Change Can Be a Good Thing
April 25th, 2016 by Curtis Condon
There are as many ways to organize fishing gear as there are anglers. The important thing is to find a system that works best for you and use it. Generally, keep everything together, rather than storing gear throughout the house and garage. Use as many boxes and other storage containers as necessary. For fishing trips, where space often is limited, condense everything to one or two tackle boxes. Take only the essentials. Photo by iStock.com/panamsky

There are as many ways to organize fishing gear as there are anglers. The important thing is to find a system that works best for you and use it. Generally, keep everything together, rather than storing gear throughout the house and garage. Use as many boxes and other storage containers as necessary. For fishing trips, where space often is limited, condense everything to one or two tackle boxes. Take only the essentials. Photo by iStock.com/panamsky

Fishing is like anything else: If you keep doing it the same way, don’t expect a different result.

Let’s face it. We all fall victim to routine: fishing in the same places, using the same lures, doing the same things over and over.
Every once in a while, it’s beneficial to reassess how we do things and change it up when it makes sense.

Here are five tips that may offer a refreshing and rewarding change:

Reorganize your tackle box. Arrange it so you can find everything quickly. Also, remove ineffective and rarely used lures and other tackle.

Lighten up. That goes for rod, reel, line and sinker. Fishing with light gear can be more challenging, and many anglers consider it to be more satisfying as well.

Start anew. If you’re too attached to that banged up old reel or just making due with a rod that has seen its better days, take the plunge and replace it. Don’t skimp on quality. Invest in gear and tackle that will last, do its job and not fail you at a critical moment.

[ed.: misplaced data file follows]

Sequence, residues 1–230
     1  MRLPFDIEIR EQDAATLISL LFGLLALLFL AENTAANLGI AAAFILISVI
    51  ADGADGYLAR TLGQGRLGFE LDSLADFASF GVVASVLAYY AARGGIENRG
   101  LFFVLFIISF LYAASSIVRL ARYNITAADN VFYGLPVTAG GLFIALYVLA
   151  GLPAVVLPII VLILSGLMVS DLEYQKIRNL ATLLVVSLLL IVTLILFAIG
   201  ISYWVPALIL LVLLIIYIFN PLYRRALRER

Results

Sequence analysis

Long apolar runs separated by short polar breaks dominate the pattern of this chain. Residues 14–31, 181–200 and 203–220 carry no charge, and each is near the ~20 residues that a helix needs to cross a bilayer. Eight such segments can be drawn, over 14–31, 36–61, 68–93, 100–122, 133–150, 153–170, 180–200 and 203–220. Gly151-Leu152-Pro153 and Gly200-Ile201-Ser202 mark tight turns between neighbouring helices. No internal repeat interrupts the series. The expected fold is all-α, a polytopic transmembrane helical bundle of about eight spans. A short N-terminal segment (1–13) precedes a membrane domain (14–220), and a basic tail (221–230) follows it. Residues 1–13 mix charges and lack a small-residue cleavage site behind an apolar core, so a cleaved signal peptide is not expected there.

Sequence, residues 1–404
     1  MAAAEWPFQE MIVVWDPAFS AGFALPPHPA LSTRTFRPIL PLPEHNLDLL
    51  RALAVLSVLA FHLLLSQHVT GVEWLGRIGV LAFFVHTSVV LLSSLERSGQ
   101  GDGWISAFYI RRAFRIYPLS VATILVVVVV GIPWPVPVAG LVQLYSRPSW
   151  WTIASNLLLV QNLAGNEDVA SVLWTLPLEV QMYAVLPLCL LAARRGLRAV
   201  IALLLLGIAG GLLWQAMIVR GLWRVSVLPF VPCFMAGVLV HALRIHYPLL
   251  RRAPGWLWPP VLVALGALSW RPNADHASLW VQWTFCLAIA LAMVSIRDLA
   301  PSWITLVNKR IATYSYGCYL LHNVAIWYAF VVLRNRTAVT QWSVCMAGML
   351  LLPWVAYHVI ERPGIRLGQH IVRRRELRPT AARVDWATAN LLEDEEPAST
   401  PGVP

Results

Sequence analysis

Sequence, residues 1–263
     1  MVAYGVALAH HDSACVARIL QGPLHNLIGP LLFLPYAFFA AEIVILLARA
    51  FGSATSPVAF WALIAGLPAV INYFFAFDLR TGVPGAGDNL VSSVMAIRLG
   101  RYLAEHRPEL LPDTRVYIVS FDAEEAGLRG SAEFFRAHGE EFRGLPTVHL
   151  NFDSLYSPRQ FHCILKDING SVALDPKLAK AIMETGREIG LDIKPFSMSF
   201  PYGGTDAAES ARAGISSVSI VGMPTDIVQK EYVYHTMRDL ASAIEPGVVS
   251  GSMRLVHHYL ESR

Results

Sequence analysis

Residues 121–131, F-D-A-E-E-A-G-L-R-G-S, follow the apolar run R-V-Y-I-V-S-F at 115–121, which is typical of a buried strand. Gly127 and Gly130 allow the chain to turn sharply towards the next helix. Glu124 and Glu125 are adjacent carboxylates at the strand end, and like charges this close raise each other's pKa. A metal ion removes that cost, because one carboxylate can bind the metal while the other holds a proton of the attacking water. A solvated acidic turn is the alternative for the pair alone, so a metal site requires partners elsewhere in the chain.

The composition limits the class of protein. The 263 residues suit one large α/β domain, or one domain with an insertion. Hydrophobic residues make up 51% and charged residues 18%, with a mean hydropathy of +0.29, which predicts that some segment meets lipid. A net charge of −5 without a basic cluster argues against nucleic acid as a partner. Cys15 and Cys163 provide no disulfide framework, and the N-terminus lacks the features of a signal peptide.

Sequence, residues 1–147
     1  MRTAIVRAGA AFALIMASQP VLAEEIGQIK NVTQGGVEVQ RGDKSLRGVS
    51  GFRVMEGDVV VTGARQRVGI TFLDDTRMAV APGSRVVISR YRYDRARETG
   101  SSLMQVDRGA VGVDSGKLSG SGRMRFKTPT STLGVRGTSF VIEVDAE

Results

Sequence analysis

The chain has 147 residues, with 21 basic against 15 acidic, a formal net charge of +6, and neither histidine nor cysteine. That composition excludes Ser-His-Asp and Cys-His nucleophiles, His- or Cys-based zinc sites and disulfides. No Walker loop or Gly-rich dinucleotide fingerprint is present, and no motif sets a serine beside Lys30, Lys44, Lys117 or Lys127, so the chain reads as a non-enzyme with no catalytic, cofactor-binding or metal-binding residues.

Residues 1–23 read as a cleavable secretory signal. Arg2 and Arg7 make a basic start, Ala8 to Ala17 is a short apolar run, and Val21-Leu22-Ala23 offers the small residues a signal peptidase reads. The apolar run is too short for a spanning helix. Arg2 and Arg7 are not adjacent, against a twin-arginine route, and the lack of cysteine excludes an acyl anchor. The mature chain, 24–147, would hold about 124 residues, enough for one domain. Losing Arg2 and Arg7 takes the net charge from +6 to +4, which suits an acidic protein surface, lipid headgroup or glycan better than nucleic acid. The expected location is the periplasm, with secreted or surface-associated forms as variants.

Don’t be afraid to experiment. Have an open mind to new tackle and new techniques, and take the time to thoroughly test them in the field before adopting or rejecting them.

Go for a change of scenery. Fight the habit of driving to the same old, tried-and-true fishing holes. Take a risk and venture into the unknown. Sure, you may get skunked a time or two, but you also might find the next great sweet spot.

Fun Fish Facts

  • Catfish have 27,000 taste buds, nearly four times as many as humans.
  • The oldest fish hook is 16,000 to 23,000 years old. The hook was found in a limestone cave in East Timor in 2011. It was discovered among evidence suggesting humans were catching fish from the open ocean as many as 42,000 years ago.

’Tis the Season for Ticks
Late spring is prime time for ticks. Minimizing contact is the best way to reduce the odds of picking up one or more of these blood-sucking hitchhikers.

Wear long pants when you might come in contact with vegetation that may harbor ticks. Tuck in pant legs to keep ticks out.

For an added measure of protection, use an insect repellent containing DEET. This is effective against ticks as well as other insect pests. Be sure to spray the lower half of pant legs and shoes for maximum effect.

Outdoors 101: A Cool Head is Your No. 1 Emergency Tool
A sense of panic can set in when you suddenly find yourself lost, injured or in some other unpleasant predicament on the water or in the wild. When panic strikes, your ability to think clearly and assess your situation is severely impaired. The most important thing you can do is stay calm. Take time to breathe, clear your thoughts and try to keep panic at bay. Then you can begin to assess your situation rationally and take steps to deal with the situation.

What Holiday is It?
May: National Barbecue Month
May 8-14: National Wildflower Week
May 15-21: National Bike Week

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